New Trump order will affect vessel crews

A new Executive Order (EO) from the office of President Trump means that crewmembers from Iran, Libya, Somalia, Sudan, Syria and Yemen will not be able to enter the US unless they hold visas issued prior to 16th March. If they do not have a valid visa by that date, they will not be able to obtain a visa until 90 days after 16th March. Secretary of Homeland Security John Kelly wrote on March 6th that “the Executive Order signed today (EO 13780) is prospective in nature – applying only to foreign nationals outside of the US who do not have a valid visa. It is important to note that nothing in this executive order affects current lawful permanent residents or persons with current authorization to enter our country. If you have a current valid visa to travel, we welcome you.” EO 13780 revokes and replaces EO 13769, the rushed EO that was overturned in the US courts.

P&I Clubs Britannia, UK P&I, Swedish Club, London P&I, Shipowners all issued member alerts on the new order, mainly with an analysis from lawyers Freehill Hogan & Mahar.

Should a vessel arrive at a US port with crew who do not have valid visas from any of the six countries listed above, then those crewmembers will not be permitted to leave the vessel. It is possible that US authorities will order armed guards to be placed at the vessel’s gangway to prevent any crew without valid visas from going landside.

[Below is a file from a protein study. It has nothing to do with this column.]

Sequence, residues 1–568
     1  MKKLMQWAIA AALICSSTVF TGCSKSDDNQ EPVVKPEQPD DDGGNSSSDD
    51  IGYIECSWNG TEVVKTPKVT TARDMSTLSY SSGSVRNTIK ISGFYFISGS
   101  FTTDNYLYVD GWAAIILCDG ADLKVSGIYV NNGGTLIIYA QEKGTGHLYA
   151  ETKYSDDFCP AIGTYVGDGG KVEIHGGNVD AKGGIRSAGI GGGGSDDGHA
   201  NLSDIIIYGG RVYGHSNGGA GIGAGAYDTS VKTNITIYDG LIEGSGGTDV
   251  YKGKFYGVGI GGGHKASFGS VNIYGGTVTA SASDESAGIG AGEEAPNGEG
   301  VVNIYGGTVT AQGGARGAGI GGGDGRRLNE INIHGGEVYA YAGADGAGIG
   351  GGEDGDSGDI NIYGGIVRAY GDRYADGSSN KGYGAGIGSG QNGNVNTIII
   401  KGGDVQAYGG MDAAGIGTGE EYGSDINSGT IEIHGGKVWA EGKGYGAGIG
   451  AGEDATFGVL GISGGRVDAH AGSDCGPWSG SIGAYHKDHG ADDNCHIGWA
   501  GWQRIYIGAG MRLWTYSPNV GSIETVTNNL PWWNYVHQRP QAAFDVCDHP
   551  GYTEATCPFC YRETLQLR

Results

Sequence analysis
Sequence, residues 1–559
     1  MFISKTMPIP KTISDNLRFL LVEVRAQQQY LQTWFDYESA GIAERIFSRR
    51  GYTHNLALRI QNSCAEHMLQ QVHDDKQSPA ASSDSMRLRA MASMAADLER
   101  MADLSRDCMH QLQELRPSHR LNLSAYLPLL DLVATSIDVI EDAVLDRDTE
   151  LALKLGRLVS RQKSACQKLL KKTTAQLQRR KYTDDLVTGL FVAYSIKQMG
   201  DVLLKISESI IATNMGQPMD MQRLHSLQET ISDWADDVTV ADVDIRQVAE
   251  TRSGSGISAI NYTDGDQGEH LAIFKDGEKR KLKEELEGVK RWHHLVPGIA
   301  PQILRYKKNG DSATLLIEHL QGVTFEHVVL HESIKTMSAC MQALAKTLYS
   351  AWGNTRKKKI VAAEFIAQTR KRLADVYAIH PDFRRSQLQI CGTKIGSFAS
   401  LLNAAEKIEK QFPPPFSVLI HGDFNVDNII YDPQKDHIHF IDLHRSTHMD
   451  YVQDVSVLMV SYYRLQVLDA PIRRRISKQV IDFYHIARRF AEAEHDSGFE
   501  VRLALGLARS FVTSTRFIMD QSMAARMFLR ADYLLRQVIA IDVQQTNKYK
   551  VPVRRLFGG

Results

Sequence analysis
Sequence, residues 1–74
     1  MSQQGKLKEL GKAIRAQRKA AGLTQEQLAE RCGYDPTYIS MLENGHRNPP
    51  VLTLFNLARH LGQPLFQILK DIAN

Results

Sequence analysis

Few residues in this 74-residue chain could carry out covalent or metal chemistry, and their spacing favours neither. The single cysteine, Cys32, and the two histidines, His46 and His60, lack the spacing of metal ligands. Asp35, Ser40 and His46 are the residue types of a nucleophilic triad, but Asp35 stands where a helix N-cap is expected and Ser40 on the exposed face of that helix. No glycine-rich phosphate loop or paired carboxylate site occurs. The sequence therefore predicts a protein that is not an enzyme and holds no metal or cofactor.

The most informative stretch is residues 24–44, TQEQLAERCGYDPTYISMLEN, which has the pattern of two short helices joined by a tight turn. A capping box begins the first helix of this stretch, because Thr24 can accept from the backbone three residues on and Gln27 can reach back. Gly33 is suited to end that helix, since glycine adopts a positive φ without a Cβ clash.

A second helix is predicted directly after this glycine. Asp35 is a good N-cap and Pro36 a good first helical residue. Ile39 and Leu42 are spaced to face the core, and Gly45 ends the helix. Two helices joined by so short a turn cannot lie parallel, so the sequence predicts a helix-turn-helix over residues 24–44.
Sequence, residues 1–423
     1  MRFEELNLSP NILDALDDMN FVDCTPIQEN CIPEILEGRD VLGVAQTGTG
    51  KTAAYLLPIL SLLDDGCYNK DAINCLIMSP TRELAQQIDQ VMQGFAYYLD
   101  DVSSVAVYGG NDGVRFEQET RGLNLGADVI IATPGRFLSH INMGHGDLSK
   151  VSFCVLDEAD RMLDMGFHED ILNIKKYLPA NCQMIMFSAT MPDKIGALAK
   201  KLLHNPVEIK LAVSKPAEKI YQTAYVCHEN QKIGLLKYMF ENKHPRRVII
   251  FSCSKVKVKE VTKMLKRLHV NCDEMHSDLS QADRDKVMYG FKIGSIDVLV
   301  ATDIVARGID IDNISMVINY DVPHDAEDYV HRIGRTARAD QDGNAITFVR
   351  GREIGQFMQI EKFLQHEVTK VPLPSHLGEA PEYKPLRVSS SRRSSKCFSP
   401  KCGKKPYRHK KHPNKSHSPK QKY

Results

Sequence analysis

Section 3 of the new EO, dealing with the “Scope and Implementation of Suspension”, provides that the suspension of entry under Section 2 shall only apply to nationals of the designated countries who are outside the US on March 16th 2017 and who did not hold a valid visa as of January 27th 2017.

Section 2 also directs the US Secretary of Homeland Security to conduct a worldwide review to identify what additional information is required from each foreign country to adjudicate an application by a national of that country for a visa “…in order to determine that the individual is not a security or public-safety threat.”

The Secretary of Homeland Security has been mandated to provide for the President within 20 days of the effective date of the EO a list of the countries that do not provide adequate information. Foreign governments that do not provide the information deemed necessary will be asked to begin doing so within 50 days. After that period expires, the Secretary of Homeland Security will provide the President with a list of noncomplying countries, which would then be included in a Presidential proclamation prohibiting the entry into the US of “appropriate categories of foreign nationals” from those countries, until such time as the country provides the required information.

Any individual whose visa was revoked or marked cancelled as a result of the now-revoked EO 13769 should receive a travel document entitling that person to travel to the US and seek entry.

Section 3 states that the new EO does not apply to permanent residents of the US, dual nationals of any of the designated countries if the individual is travelling on the passport of a non-designated country, any foreign national traveling on a diplomatic visa, and foreign nationals who have been granted asylum. In addition, Section 3(c) authorizes the issuance of visas on a case-by-case basis to foreign nationals whose entry is otherwise suspended by the new EO.

Section 4 of the EO calls for a thorough review of any Iraqi national who applies for a visa, with an emphasis on investigating for any connection to ISIS or any other terrorist organization, and assessing whether the applicant may be a threat to commit acts of terrorism.

Section 5 calls for a heightened vetting and screening standard for all US immigration programmes.

Section 6 suspends all travel of refugees to the US, and all decisions on refugee status, for 120 days from the effective date of the EO, and caps the number of refugees to be admitted in fiscal year 2017 at 50,000. Certain refugees may be admitted on a case-by-case basis.